1:13 a.m. EDT October 3, 2015
America is exceptional, in large part because of our Constitution.
On just four short pages, our Founders established the primacy of the rule of law, especially the right to public criminal trials and free press.
These are rights that are deeply rooted in our legal system and our national identity. One need only look at any dictatorship around the globe to know that the Founders got it right.
The Charles Tan trial is hardly the first time that the public’s presumptive right of access to criminal trials has been put in tension with a judge’s obligation to ensure a defendant’s unqualified right to a fair trial. Our Supreme Court has given clear guidance for how such tensions are to be resolved.
The Supreme Court holds that the public (as represented by the press) may only be excluded from criminal trials in extreme situations, after a showing of a “compelling” state interest and that alternatives to closure do not exist. Translation: If a criminal jury is seeing it, then the public, as represented by the press, is rarely excluded from seeing it too.
The inspection of the Tan home was an integral part of the trial. Everyone agrees it was not an “extreme situation” since such viewings are specifically contemplated by statute. But everyone recognizes that the inspection was no ordinary day in court.
So what is a judge to do about public access to such a viewing? First, determine whether there has been a showing of a compelling state interest in closing the viewing. Second, assess whether there are less drastic measures to total closure. A judge who does so publicly has met her obligation under law and will not be criticized.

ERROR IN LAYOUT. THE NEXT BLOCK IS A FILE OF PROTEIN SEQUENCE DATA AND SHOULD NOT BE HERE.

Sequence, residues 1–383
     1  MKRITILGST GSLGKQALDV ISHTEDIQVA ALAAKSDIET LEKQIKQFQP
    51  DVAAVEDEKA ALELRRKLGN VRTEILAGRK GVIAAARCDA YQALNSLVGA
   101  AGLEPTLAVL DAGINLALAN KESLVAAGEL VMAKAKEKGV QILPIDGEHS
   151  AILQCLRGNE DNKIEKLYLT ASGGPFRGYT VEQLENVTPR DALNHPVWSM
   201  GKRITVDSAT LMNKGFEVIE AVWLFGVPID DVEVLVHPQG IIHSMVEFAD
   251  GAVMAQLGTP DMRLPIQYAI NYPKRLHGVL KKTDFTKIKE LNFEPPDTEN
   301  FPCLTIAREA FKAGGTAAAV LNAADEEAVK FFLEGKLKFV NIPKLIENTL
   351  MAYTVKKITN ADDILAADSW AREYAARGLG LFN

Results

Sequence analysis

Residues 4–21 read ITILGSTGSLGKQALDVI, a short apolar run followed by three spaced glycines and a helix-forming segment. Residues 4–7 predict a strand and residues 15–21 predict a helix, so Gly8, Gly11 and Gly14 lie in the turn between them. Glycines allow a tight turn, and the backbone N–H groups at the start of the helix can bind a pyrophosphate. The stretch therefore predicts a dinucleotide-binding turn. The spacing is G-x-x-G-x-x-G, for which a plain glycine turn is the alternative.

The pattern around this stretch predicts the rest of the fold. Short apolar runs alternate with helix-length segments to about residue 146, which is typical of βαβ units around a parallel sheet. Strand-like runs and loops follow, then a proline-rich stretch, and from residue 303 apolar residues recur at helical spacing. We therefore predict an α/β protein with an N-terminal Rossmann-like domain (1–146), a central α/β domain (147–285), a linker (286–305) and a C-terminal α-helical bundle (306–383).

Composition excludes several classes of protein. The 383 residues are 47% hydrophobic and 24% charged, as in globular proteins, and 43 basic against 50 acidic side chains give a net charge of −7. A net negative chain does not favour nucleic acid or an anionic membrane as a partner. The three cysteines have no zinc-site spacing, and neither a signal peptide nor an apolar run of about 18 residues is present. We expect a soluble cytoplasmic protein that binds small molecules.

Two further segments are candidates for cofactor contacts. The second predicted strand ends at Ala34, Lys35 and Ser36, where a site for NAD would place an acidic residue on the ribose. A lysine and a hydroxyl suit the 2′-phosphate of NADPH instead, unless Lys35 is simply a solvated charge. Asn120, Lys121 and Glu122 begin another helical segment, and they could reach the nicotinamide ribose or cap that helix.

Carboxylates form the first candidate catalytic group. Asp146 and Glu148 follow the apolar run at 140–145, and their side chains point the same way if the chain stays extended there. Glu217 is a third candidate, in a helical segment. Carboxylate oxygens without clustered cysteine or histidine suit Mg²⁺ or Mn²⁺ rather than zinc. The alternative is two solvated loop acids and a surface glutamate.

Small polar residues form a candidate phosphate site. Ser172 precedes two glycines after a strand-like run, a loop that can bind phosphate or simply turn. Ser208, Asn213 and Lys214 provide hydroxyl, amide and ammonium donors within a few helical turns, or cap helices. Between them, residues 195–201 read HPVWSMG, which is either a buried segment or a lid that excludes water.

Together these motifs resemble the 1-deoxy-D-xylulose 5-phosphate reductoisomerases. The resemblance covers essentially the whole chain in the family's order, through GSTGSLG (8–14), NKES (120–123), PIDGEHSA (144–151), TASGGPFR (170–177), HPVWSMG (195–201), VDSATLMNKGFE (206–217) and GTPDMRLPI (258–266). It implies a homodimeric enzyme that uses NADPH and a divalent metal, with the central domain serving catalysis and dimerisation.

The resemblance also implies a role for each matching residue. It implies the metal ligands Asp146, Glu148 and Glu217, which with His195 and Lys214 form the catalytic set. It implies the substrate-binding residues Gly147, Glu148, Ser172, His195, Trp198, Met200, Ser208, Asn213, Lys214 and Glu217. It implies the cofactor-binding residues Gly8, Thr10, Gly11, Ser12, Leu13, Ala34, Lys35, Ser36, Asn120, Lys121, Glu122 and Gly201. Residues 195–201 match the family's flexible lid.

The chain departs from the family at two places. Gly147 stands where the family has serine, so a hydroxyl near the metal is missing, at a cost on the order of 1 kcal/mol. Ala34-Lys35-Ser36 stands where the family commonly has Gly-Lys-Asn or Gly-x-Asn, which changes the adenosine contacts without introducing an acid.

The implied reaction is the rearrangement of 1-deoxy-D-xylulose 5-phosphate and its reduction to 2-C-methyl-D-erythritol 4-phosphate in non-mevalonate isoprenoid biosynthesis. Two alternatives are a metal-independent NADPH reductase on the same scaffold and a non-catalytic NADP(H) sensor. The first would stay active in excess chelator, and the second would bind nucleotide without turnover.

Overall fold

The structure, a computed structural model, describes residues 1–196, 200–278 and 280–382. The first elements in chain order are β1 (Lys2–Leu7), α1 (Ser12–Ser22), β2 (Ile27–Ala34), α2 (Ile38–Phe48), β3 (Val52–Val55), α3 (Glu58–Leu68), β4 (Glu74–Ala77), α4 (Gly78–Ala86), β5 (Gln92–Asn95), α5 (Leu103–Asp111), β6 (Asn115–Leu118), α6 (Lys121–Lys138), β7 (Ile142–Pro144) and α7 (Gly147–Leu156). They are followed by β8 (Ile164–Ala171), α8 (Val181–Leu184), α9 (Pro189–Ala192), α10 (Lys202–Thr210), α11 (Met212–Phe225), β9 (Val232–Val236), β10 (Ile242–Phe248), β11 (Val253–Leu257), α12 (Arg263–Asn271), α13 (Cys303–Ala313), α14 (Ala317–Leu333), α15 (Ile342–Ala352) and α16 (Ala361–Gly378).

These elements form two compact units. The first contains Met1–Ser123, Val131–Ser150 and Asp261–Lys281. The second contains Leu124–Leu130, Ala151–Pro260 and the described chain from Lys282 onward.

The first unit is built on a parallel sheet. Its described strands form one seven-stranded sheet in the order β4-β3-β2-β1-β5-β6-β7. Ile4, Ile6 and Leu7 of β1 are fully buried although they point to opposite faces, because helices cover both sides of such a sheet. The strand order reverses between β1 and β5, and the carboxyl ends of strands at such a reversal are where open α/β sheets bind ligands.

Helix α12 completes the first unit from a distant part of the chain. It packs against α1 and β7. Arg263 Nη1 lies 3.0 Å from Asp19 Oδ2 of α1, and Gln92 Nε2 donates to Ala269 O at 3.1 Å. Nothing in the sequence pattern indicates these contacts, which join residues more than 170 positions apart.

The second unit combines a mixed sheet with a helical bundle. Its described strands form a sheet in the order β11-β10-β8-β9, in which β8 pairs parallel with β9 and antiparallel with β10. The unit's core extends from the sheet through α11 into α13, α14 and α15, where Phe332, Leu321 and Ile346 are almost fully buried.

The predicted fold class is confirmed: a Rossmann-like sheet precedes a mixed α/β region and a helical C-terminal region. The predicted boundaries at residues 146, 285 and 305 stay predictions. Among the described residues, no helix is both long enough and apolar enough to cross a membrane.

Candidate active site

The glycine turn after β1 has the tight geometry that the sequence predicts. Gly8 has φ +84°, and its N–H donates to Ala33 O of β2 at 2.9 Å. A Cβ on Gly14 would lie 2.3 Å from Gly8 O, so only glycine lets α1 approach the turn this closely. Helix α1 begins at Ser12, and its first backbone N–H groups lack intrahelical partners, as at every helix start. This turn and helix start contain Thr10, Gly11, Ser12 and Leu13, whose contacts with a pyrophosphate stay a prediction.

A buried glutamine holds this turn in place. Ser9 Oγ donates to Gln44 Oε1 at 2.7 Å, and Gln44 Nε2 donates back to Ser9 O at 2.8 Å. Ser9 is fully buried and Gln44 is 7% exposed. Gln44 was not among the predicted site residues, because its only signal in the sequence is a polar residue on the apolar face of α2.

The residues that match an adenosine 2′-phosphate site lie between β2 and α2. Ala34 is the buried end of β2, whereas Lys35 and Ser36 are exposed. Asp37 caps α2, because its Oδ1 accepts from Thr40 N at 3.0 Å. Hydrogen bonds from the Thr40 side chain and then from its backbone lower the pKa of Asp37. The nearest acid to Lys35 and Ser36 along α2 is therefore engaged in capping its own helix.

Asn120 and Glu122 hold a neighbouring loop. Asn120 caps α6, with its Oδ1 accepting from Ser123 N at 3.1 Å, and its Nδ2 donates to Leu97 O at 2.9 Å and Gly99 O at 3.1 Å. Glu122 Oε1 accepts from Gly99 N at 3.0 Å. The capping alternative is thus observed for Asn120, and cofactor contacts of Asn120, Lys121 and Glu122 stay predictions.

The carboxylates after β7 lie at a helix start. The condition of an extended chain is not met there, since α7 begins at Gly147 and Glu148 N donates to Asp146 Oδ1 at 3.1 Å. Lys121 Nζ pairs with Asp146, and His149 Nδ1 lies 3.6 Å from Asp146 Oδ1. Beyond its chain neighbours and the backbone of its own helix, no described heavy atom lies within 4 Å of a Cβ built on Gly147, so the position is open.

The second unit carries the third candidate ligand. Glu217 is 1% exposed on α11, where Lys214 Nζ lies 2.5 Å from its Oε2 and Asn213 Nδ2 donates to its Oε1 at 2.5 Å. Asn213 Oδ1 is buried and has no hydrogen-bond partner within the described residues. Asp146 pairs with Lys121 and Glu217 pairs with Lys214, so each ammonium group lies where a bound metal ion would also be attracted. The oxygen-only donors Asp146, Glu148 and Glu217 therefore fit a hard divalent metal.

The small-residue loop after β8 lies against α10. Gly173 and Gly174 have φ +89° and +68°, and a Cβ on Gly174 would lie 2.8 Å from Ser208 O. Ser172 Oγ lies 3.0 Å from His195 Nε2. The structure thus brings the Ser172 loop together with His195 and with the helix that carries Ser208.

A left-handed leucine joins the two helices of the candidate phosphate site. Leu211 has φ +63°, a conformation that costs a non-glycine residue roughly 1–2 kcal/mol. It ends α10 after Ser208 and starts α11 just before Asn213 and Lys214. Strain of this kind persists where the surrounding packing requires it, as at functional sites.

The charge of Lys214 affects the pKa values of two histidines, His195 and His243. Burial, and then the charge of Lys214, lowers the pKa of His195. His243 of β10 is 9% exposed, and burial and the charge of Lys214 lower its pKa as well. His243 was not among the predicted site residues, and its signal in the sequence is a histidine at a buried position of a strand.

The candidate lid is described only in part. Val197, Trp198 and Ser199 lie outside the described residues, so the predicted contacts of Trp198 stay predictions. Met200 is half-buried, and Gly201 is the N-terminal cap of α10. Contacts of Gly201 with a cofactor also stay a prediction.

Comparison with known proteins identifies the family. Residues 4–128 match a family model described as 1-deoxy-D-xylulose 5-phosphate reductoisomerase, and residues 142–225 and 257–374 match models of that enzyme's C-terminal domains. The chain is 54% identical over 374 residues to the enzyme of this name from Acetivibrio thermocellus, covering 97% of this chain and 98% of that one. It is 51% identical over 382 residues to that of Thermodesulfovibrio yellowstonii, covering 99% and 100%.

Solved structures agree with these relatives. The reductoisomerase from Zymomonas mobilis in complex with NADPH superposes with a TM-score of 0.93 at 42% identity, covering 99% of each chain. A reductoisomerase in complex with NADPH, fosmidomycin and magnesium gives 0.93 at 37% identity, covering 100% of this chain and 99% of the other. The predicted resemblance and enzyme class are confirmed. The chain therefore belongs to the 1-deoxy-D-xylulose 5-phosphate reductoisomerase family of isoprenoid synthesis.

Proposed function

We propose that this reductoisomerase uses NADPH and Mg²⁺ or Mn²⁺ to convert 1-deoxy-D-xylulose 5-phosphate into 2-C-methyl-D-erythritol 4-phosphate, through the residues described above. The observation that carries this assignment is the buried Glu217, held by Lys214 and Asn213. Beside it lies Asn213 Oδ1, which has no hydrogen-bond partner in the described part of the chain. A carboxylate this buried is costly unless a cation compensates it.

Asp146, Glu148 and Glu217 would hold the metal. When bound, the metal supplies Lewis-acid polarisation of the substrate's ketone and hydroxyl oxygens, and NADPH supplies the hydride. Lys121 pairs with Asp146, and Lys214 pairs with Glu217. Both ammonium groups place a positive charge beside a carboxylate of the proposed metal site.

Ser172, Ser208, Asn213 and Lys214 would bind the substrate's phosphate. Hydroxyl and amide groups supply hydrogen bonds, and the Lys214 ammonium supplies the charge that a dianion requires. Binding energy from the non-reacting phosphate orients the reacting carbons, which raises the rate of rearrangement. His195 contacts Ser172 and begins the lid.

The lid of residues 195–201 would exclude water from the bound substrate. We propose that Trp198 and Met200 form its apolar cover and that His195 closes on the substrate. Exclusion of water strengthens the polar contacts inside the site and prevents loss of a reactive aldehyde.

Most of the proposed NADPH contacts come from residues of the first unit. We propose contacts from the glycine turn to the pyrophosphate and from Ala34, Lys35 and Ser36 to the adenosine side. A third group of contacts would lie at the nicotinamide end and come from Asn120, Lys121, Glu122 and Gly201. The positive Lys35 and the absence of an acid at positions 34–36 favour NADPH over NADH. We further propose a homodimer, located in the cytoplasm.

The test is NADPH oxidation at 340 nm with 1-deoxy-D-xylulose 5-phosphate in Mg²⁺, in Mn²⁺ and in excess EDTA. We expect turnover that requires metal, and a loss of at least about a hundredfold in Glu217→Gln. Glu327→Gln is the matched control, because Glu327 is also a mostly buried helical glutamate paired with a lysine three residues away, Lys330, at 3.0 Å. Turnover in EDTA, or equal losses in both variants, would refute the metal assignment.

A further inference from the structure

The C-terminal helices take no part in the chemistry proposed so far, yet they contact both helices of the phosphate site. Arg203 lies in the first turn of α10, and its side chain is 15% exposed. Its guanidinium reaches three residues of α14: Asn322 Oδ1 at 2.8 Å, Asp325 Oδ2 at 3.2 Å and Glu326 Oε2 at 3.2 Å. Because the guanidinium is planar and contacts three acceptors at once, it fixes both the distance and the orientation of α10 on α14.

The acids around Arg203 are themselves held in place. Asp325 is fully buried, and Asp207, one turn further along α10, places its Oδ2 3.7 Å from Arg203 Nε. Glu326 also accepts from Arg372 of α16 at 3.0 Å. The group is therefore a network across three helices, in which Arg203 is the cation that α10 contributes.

Reporters covering the Tan trial say this process was not followed, and certainly not in public. We will never know whether the judge identified a compelling state interest or considered alternatives to closure. Thus, competing interests remain in tension where, had they been addressed directly and publicly, those tensions would have been resolved, no matter the decision.
Judging ain’t easy and the Founders did not intend it to be. By all accounts, the judge here is doing a great job. Nevertheless, our Founders insisted we have access to criminal trials and insisted the press scrutinize those trials, including the judges who preside over them. Having this public dispute makes our democracy stronger and our system of justice even more robust.
Chris Thomas is a partner with Nixon Peabody LLP. His clients include the Democrat and Chronicle.
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